My column this week looks at the costs of government "solutions."
Intuition tells us that government is in the problem-solving business, and so the more laws passed, the better off we are. The possibility that fewer laws could leave us better off is hard to grasp. Kids visiting Washington don't ask their congressmen, "What laws did you repeal?" It's always, "What did you pass?"
And so they pass and pass -- a thousand pages of proposed new rules each week -- and for every rule, there's an unintended consequence, or several.
Ann Jolis, who covers European labor issues for the WSJ, sees how well-intended work rules devastate economies:
"The minimum guaranteed annual vacation in Europe is 20 days paid vacation a year. ... In France, it starts at 25 guaranteed days off. ... This summer, the European Court of Justice ... gave workers the right to a vacation do-over. ... You spend the last eight days of your vacation laid up with a sprained ankle ... eight days automatically go into your sick leave. ... You get a vacation do-over."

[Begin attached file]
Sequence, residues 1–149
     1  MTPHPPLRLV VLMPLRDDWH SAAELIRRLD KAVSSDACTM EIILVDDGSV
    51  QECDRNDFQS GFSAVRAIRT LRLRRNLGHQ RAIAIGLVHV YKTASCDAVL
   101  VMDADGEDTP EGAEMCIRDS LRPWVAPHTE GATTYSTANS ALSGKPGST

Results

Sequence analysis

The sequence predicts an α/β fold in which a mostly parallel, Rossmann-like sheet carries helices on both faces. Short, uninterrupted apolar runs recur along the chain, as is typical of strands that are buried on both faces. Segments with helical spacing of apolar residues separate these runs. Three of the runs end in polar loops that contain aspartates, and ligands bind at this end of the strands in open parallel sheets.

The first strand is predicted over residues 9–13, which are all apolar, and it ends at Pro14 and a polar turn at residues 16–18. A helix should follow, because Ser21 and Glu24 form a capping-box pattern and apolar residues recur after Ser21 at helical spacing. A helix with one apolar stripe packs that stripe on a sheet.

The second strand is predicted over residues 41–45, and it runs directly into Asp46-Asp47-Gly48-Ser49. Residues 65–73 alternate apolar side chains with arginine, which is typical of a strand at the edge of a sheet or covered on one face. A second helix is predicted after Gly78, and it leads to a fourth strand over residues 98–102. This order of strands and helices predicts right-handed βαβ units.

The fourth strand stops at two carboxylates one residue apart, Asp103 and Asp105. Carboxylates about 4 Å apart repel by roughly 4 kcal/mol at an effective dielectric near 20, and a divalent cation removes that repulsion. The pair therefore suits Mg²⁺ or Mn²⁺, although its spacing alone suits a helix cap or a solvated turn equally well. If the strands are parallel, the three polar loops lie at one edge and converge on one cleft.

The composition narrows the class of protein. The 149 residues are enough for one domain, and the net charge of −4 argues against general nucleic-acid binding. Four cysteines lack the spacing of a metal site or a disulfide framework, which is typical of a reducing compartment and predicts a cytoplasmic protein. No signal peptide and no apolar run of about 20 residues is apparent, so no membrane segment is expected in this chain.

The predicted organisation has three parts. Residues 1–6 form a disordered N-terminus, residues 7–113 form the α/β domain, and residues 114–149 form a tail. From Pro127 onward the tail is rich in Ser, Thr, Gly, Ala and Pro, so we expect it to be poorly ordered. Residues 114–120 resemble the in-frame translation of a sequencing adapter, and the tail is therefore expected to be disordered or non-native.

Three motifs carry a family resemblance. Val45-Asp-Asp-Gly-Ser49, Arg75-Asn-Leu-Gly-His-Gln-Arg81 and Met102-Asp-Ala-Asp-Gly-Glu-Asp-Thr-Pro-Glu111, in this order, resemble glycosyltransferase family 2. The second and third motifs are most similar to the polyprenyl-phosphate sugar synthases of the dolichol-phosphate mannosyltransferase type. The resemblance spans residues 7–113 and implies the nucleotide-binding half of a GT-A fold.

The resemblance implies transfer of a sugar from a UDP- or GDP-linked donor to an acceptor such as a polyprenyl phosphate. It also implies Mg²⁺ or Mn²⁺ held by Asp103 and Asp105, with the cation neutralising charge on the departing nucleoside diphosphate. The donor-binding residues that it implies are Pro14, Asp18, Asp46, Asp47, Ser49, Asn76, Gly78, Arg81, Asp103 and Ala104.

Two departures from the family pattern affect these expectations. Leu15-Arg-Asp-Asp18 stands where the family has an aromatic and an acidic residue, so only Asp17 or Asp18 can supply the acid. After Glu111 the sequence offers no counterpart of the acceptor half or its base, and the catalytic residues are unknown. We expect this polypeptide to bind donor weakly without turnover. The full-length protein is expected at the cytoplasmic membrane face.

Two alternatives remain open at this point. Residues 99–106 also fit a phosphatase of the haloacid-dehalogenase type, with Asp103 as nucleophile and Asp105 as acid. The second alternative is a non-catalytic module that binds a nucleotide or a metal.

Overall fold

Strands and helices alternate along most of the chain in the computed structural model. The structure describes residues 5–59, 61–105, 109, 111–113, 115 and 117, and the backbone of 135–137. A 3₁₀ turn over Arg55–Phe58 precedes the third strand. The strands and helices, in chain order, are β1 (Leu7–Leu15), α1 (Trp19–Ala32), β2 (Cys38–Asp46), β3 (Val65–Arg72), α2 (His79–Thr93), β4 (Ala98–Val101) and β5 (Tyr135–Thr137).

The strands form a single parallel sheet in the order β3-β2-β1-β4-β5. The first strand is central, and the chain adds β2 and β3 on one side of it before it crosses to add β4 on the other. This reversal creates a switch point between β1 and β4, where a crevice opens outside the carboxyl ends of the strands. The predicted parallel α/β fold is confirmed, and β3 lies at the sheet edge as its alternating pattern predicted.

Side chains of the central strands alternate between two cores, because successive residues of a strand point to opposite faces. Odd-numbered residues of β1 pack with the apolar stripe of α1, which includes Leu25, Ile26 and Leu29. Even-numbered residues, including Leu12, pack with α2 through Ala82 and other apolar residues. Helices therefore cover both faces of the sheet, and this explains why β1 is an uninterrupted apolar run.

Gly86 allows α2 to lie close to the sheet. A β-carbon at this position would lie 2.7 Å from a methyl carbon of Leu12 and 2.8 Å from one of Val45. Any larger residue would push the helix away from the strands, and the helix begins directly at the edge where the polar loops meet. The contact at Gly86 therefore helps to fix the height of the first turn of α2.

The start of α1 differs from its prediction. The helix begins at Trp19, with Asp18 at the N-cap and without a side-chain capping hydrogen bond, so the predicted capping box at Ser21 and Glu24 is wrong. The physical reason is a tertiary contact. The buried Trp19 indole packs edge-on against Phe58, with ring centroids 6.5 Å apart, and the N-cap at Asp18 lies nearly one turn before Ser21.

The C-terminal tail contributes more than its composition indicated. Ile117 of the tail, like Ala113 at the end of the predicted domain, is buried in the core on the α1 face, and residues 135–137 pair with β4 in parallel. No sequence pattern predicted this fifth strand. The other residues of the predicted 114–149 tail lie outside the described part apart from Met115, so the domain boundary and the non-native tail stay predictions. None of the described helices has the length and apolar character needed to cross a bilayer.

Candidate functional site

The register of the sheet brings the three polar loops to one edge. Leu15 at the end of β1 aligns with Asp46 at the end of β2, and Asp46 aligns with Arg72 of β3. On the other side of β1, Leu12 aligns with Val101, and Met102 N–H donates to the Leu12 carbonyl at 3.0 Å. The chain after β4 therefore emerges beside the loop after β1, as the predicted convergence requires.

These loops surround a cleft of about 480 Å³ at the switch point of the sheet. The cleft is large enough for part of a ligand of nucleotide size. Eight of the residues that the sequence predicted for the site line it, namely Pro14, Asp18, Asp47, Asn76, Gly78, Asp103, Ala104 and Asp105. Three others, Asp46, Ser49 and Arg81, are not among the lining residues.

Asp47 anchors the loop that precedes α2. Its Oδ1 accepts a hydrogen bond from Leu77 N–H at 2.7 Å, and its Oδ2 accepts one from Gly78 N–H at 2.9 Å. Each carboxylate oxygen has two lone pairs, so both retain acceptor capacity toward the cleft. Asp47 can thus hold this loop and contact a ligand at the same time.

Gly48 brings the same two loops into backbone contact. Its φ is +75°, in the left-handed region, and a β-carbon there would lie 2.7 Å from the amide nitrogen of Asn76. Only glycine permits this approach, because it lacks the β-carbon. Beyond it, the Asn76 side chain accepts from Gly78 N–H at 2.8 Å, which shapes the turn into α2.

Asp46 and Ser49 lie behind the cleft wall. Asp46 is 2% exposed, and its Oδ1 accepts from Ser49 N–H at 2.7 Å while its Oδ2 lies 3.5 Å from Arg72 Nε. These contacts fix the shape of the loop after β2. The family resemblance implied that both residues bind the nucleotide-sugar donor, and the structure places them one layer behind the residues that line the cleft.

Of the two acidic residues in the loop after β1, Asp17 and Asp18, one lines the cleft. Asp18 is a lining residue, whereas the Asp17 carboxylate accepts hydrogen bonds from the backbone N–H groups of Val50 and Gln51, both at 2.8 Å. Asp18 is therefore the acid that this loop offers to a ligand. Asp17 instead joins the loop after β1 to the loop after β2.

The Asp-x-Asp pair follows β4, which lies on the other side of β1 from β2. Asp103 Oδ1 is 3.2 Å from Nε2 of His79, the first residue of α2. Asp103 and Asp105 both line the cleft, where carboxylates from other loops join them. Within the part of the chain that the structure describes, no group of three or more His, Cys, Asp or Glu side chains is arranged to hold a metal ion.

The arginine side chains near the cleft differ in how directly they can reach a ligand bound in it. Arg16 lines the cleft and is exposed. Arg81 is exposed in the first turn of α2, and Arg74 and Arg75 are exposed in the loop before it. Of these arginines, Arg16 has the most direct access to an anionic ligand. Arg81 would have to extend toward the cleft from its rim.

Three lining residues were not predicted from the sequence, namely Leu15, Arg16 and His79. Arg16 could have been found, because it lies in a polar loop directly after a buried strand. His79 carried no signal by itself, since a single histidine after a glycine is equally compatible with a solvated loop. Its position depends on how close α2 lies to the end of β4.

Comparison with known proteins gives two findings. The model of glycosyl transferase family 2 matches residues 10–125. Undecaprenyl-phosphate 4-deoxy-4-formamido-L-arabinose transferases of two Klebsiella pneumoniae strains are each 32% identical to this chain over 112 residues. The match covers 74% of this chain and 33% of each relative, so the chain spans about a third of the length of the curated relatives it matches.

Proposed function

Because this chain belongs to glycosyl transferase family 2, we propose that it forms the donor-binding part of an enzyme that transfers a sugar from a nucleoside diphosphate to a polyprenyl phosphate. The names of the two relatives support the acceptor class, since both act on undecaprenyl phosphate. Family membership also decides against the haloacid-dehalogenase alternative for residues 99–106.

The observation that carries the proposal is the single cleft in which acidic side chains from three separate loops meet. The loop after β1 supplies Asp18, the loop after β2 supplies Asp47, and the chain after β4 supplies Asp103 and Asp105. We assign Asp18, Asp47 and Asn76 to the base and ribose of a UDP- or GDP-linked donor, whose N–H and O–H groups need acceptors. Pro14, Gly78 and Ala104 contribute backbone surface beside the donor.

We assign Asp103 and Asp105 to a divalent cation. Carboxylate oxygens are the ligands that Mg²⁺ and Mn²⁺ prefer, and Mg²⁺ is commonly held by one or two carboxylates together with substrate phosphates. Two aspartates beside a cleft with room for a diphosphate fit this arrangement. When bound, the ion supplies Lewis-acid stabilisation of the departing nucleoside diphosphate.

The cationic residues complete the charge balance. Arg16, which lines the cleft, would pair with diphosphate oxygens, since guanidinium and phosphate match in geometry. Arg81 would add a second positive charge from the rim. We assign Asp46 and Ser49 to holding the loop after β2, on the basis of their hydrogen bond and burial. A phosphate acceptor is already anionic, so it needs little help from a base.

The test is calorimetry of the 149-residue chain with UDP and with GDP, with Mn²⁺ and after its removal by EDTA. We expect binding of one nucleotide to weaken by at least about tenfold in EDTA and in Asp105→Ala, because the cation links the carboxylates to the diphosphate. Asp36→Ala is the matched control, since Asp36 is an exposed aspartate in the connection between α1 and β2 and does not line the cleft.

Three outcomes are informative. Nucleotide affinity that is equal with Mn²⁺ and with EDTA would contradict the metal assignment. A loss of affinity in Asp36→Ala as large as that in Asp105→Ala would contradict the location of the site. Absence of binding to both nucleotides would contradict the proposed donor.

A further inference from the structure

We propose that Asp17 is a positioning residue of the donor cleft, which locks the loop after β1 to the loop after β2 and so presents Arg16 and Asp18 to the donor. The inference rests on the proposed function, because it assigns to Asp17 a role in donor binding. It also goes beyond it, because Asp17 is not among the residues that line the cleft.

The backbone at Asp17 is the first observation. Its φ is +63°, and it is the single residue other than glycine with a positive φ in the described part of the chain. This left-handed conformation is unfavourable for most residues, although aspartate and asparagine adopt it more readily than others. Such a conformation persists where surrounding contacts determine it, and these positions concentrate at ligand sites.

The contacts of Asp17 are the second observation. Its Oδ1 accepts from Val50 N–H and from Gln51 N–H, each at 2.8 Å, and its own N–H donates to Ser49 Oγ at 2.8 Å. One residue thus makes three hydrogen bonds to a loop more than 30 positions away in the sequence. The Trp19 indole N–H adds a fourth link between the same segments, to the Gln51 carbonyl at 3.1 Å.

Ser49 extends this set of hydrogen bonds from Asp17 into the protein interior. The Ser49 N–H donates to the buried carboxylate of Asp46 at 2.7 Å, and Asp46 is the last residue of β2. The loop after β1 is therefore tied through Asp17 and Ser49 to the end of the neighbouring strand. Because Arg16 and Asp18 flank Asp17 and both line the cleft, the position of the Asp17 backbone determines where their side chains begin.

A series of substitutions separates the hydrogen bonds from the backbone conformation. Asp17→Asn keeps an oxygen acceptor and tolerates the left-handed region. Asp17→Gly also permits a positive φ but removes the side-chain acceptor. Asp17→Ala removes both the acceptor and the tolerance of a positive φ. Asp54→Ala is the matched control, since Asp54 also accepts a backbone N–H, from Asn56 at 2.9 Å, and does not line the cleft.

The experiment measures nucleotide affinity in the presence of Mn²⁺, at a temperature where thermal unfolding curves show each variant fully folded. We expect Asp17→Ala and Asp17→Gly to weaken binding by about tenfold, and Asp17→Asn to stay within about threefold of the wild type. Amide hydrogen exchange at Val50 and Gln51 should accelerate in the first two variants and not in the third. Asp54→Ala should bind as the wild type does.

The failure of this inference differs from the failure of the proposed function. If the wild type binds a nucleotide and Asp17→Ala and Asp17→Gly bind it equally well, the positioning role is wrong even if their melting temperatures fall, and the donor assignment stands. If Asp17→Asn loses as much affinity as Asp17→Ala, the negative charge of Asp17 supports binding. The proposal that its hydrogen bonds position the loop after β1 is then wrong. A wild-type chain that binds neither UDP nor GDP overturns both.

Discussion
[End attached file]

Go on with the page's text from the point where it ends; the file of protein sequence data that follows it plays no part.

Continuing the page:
Such benefits appeal to workers, who don't realize that the goodies come out of their wages. The unemployed don't realize that such rules deter employers from hiring them in the first place.
In Italy, some work rules kick in once a company has more than 10 employees, so companies have an incentive not to hire an 11th employee. Businesses stay small. People stay unemployed.
Politicians' good intentions go wrong.
That's why I wrote "No, They Can't: Why Government Fails -- but Individuals Succeed."
Both European central planners and liberal politicians in America are clueless about what really helps workers: a free economy.
The rest of my column here.